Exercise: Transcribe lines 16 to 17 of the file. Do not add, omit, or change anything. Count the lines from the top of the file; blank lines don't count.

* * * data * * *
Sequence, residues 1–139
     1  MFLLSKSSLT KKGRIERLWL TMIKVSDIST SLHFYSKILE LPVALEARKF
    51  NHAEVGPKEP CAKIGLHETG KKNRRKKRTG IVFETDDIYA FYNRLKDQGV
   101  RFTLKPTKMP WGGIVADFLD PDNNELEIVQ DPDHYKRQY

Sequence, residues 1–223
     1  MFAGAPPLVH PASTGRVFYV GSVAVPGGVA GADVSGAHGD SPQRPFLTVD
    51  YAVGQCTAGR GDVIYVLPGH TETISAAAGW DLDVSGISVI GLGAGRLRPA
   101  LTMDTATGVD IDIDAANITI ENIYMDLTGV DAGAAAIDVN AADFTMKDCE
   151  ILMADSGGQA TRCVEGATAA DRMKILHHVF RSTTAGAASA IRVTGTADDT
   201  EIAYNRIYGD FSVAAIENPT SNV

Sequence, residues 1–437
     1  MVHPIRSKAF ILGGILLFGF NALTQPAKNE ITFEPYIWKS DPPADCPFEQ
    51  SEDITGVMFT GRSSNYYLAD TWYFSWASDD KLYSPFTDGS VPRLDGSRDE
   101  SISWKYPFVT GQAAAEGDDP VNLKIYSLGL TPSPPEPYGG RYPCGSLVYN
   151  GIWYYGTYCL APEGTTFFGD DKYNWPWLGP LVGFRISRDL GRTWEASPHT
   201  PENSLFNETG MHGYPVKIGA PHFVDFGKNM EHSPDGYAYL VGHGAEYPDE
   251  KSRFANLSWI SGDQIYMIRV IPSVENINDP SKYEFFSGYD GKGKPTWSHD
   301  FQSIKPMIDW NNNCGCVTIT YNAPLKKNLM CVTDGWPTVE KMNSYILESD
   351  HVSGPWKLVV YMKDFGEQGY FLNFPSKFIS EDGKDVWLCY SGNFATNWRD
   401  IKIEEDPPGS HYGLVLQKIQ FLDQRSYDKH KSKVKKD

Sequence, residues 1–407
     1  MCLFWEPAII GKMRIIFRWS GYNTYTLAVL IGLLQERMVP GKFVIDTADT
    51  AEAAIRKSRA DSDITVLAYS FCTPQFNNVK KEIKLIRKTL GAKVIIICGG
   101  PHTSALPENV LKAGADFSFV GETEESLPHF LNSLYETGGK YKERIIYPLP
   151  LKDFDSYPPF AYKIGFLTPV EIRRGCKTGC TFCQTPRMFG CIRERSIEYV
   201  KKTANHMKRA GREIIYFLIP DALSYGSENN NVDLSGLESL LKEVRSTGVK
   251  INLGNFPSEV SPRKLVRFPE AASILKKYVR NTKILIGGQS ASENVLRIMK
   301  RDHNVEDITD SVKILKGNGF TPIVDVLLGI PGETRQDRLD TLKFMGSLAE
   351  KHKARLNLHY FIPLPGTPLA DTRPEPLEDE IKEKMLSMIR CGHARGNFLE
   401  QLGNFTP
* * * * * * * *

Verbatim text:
   201  PENSLFNETG MHGYPVKIGA PHFVDFGKNM EHSPDGYAYL VGHGAEYPDE
   251  KSRFANLSWI SGDQIYMIRV IPSVENINDP SKYEFFSGYD GKGKPTWSHD